Z3 Theorem Prover

From Wikipedia, the free encyclopedia
Z3 Theorem Prover
Original author(s)Microsoft Research
Developer(s)Microsoft
Initial release2012; 12 years ago (2012)
Stable release
4.13.0[1] Edit this on Wikidata / 7 March 2024; 45 days ago (7 March 2024)
Repository
Written inC++
Operating systemWindows, FreeBSD, Linux (Debian, Ubuntu), macOS
PlatformIA-32, x86-64, WebAssembly, arm64
TypeTheorem prover
LicenseMIT License
Websitegithub.com/Z3Prover

Z3, also known as the Z3 Theorem Prover, is a satisfiability modulo theories (SMT) solver developed by Microsoft.[2]

Overview[edit]

Z3 was developed in the Research in Software Engineering (RiSE) group at Microsoft Research Redmond and is targeted at solving problems that arise in software verification and program analysis. Z3 supports arithmetic, fixed-size bit-vectors, extensional arrays, datatypes, uninterpreted functions, and quantifiers. Its main applications are extended static checking, test case generation, and predicate abstraction.[citation needed]

Z3 was open sourced in the beginning of 2015.[3] The source code is licensed under MIT License and hosted on GitHub.[4] The solver can be built using Visual Studio, a makefile or using CMake and runs on Windows, FreeBSD, Linux, and macOS.

The default input format for Z3 is SMTLIB2. It also has officially supported bindings for several programming languages, including C, C++, Python, .NET, Java, and OCaml.[5]

Examples[edit]

Propositional and predicate logic[edit]

In this example propositional logic assertions are checked using functions to represent the propositions a and b. The following Z3 script checks to see if :

(declare-fun a () Bool)
(declare-fun b () Bool)
(assert (not (= (not (and a b)) (or (not a)(not b)))))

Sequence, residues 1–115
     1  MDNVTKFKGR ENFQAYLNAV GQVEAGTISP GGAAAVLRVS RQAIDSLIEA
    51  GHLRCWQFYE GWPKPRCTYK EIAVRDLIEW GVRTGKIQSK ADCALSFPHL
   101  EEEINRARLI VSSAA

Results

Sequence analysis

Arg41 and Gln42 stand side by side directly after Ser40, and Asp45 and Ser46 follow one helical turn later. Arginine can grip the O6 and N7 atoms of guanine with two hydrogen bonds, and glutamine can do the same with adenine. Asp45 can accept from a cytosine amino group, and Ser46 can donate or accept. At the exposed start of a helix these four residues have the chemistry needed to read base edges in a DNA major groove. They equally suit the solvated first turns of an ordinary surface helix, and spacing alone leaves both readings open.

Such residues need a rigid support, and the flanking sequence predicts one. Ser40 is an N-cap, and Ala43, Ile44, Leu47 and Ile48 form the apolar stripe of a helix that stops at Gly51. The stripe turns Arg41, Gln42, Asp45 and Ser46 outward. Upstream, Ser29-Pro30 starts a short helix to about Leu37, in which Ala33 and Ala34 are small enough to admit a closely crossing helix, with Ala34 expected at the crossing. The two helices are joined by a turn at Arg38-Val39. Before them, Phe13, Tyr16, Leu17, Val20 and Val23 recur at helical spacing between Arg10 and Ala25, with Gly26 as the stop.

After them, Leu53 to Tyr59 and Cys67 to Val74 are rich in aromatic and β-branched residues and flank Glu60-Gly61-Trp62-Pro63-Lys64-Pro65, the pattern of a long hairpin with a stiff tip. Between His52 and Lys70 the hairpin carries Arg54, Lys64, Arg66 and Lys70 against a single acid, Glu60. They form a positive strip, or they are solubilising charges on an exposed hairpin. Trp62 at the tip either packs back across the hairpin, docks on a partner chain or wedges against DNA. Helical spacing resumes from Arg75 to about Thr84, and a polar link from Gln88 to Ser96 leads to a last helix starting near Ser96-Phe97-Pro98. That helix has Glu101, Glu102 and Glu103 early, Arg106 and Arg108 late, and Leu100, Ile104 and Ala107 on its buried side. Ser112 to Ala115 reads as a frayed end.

(check-sat)

Result:

unsat

Note that the script asserts the negation of the proposition of interest. The unsat result means that the negated proposition is not satisfiable, thus proving the desired result (De Morgan's law).

Solving equations[edit]

The following script solves the two given equations, finding suitable values for the variables a and b:

(declare-const a Int)
(declare-const b Int)
(assert (= (+ a b) 20))
(assert (= (+ a (* 2 b)) 10))
(check-sat)
(get-model)

Result:

sat
(model 
  (define-fun b () Int
    -10)
  (define-fun a () Int
    30)
)

Awards[edit]

In 2015, Z3 received the Programming Languages Software Award from ACM SIGPLAN.[6][7] In 2018, Z3 received the Test of Time Award from the European Joint Conferences on Theory and Practice of Software (ETAPS).[8] Microsoft researchers Nikolaj Bjørner and Leonardo de Moura received the 2019 Herbrand Award for Distinguished Contributions to Automated Reasoning in recognition of their work in advancing theorem proving with Z3.[9][10]

See also[edit]

References[edit]

  1. ^ "Release 4.13.0". 7 March 2024. Retrieved 26 March 2024.
  2. ^ "Using the SMT solver Z3" (PDF). Archived from the original (PDF) on 2020-11-17. Retrieved 2019-12-01.
  3. ^ "Microsoft's Visual Studio timeline and Z3 Theorem Prover, Google Cloud Launcher, Facebook's Fresco—SD Times news digest: March 27, 2015". March 27, 2015.
  4. ^ "GitHub - Z3Prover/z3: The Z3 Theorem Prover". December 1, 2019 – via GitHub.
  5. ^ Bjørner, Nikolaj; de Moura, Leonardo; Nachmanson, Lev; Wintersteiger, Christoph (2019). "Programming Z3". Programming Z3. Archived from the original on February 9, 2023. Retrieved May 21, 2023.
  6. ^ "Programming Languages Software Award". www.sigplan.org.
  7. ^ Microsoft Z3 Theorem Prover Wins Award
  8. ^ ETAPS 2018 Test of Time Award
  9. ^ The inner magic behind the Z3 theorem prover - Microsoft Research
  10. ^ Herbrand Award

Further reading[edit]

External links[edit]